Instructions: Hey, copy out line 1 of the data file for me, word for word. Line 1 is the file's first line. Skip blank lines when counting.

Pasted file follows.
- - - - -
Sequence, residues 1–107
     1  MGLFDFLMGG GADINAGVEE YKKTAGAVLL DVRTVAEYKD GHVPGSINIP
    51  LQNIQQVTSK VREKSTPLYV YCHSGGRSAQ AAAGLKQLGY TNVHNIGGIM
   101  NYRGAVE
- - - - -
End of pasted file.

Sequence, residues 1–107